San José, Costa Rica, since 1956

Investment, Tourism Climate Gets International Confidence Boost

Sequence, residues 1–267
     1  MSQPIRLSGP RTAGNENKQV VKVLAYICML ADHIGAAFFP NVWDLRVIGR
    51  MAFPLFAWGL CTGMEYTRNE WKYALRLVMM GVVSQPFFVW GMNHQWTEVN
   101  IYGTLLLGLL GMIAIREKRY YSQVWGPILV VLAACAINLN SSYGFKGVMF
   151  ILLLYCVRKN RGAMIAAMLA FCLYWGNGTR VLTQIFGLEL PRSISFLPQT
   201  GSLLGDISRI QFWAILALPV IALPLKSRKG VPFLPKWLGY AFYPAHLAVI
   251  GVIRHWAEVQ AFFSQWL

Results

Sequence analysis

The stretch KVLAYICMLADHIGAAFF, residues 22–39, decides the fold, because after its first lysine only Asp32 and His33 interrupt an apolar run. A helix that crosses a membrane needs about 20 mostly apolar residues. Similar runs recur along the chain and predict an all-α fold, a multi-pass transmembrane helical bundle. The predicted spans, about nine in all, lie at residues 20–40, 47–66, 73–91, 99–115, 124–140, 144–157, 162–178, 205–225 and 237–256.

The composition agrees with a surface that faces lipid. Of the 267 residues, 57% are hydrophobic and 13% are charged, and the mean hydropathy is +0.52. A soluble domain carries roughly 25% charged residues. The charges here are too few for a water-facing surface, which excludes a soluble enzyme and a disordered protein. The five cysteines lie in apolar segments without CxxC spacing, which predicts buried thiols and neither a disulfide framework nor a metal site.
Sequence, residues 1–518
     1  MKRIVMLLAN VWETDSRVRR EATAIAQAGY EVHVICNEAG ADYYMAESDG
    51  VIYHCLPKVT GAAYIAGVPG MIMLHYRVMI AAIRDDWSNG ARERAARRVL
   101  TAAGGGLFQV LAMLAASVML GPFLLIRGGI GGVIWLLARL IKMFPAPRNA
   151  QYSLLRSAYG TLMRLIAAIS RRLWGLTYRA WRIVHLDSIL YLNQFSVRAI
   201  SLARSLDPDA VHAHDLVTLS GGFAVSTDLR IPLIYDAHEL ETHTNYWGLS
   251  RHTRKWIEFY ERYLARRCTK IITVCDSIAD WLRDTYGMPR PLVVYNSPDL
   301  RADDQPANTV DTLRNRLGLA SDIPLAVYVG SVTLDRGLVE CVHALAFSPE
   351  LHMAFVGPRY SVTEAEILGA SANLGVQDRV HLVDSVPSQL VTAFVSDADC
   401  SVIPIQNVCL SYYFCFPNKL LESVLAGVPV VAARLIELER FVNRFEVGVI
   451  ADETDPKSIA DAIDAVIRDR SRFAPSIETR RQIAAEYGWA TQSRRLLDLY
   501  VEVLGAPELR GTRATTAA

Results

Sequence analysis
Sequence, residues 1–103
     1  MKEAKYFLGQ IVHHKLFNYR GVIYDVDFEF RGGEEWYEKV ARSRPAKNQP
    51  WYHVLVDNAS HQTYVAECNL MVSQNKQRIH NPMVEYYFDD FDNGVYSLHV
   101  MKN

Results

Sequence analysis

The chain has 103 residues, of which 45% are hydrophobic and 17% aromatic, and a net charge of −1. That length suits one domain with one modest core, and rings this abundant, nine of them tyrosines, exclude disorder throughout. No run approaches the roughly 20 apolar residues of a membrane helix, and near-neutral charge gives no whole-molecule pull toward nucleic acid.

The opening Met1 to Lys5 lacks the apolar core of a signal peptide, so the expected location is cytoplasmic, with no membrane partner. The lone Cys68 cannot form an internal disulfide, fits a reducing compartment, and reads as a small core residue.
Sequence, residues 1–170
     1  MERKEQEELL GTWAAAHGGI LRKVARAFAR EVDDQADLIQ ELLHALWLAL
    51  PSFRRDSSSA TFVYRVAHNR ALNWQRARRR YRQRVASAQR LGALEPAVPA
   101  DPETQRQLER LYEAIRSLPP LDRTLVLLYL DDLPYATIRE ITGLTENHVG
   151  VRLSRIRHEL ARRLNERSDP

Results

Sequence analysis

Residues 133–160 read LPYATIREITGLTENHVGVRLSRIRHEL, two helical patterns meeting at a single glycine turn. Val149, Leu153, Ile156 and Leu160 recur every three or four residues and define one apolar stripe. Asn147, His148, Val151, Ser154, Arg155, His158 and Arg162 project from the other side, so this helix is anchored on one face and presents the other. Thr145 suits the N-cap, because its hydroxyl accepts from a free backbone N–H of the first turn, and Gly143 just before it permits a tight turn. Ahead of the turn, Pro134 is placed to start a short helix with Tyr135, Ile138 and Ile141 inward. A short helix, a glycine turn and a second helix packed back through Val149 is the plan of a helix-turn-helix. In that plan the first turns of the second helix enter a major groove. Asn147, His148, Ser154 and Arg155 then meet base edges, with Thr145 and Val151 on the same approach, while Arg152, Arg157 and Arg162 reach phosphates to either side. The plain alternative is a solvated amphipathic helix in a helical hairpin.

GRANADA, Nicaragua – This year’sdramatic plummet in tourism investment inNicaragua has not dampened enthusiasmamong industry leaders here.The 84% drop in investment during thefirst half of 2004 apparently has not affectedtourism visits, either. The number offoreign tourists increased 16.2% during thefirst eight months of this year, with respectto the same period in 2003.The 403,217 foreign tourists who visitedNicaragua between January and Augusttranslated into $114 million in revenue –up 6.5% from Jan.-Aug, 2003 – accordingto statistics from the Nicaraguan TourismInstitute (INTUR).Most foreign tourists come from theUnited States (92,460), followed byHonduras (80,101) and Costa Rica(62,426). Canadian tourists ranked fifthwith 10,898 and Spain (6,933) topped theEuropean countries. Statistics show thatGerman tourists (5,922) have increased by31% this year, while British tourists(4,367) have decreased by almost 11%.The average tourist stay is 3.8 days,with an average expenditure of $75 a day,according to INTUR’s numbers.Lucia Salazar, executive president ofINTUR, told The Tico Times she expectsthe upward trend in tourism to continue,and estimates tourism could grow by asmuch as 20% this year.In four years, Nicaragua’s tourismnumbers could surpass those of neighboringCosta Rica, Salazar predicted, ratherboldly.THE drop in tourism investment, from$3.8 million in the first half of 2003 to lessthan $700,000 in the fist six months of thisyear, is due, primarily, to last year’s implementationof Law 453 (The Law of FiscalEquality), according to Michael Navas,secretary of INTUR’s Tourism IncentiveBoard.The Fiscal Equality Law repealed theMechanism of Direct Investment and theFund of Tourism Investment (Fonciturs),which together provided financing for upto 70% of tourism projects.The elimination of the financing mechanismsled INTUR, The Tax Ministry andinvestment promotion group Pro-Nicaraguato present a new legal initiative in lateSeptember that would allow investors toemit bonds to finance up to 70% of largetourism projects. The Bonds for TourismInvestment (BID) would carry a maximumterm of 20 years.To be eligible for bond financing,tourism projects must first be approvedunder Law 306 (The Tourism IncentiveLaw, 1999), which provides 10-yearincome and property tax breaks to tourismprojects that meet minimum investmentrequirements.The bond proposal is expected tobecome law by this month. The incentivereportedly has multi-partisan support in theNational Assembly, though confusion oversome of the logistical details could delayits approval in Congress.After the bill is passed, the governmentexpects tourism investment to jump.INTUR also recently opened a newoffice in its Managua headquarters to provide“Training Bonds” to small and medium sized tour operators, in an effort tomake tourism providers more competitive.The $1.2 million training bond project,which is being launched in conjunctionwith the International Development Bank(IDB), will help provide financing to trainbartenders, cooks, waiters, tourism guides,administrators and technicians.The programs hope to hire 4,300employees in the tourism sector in the next12 months.NICARAGUA’s investment climatehas received several important internationalvotes of confidence in recent months.In July, the U.S. government-affiliatedOverseas Private Investment Corporation(OPIC) concluded a new bilateral agreementwith Nicaragua to encourage saferdirect foreign investment here.The investment promotion accord, anupdated version of the bilateral agreementsigned in 1966, streamlines procedures inNicaragua for U.S. companies seeking privateloans or political-risk insurance fromOPIC. The accord represents a new boostof confidence by the U.S., after severaldecades of tumultuous investor relations(TT, July 30).THE World Bank and InternationalMonetary Fund, in their annual reportDoing Business in 2005, qualifiedNicaragua as one of seven Latin Americancountries to notably improve its investmentclimate to become more competitive.In the last year, the report noted,Nicaragua has reduced the average time ittakes to receive a business license from 71to 45 days.Provisions in the yet-to-be-ratifiedU.S. Central American Free-TradeAgreement (CAFTA) would providemechanisms to improve investor securityhere. And investors here are waiting for anew Nicaraguan bill, which has yet to bepresented in congress, that will providearbitration measures for commercialinvestors.INVESTORS are also keeping a closeeye on the Ley de Carrera Judicial, a billthat aims to de-politicize the country’sSandinista-controlled court system.“No one will invest here until theyknow their money is safe. Investors needto know that if they have problems, theycan appeal to an unbiased court,” congressmanDonald Lacayo, president of theNational Assembly’s Judicial Commission,told The Tico Times in September(TT, Sept. 10).The bill is expected to become law byearly next year.U.S. Ambassador to NicaraguaBarbara Moore gives the Bolaños governmenthigh marks for normalizing propertyregistry procedures, and working toresolve long-standing property confiscationsfrom the days of the revolutionarySandinista government (1979-1990).“We are still working to recover or getreimbursement for properties confiscatedfrom American citizens,” Moore told TheTico Times. “We have made excellentprogress under the Bolaños administration,and had a couple of record years in thenumber of cases resolved.”The Embassy has helped resolve 2,246U.S. citizen confiscation claims since1995, and an additional 762-Embassy registeredclaims are still pending, accordingto statistics provided by the Embassy.INTUR continues to promoteNicaragua internationally through a seriesof 30-second TV spots on CNNInternational and CNN Airport Networktitled “Nicaragua: It’s Hot.”The ads, featuring Nicaraguan ecotourism,culture and adventure sports,began airing last May, and have been wellreceived, according to INTUR’s Salazar(TT, May 13).Salazar says the slogan “Nicaragua esCaliente” is the result of market studiesand laughs at the suggestion that callingNicaragua “hot” could have the unintendedeffect of reminding people of the war ora hot zone.INTUR is also about to launch a massiveoutreach campaign in the UnitedStates, the details of which were still underwraps at press time.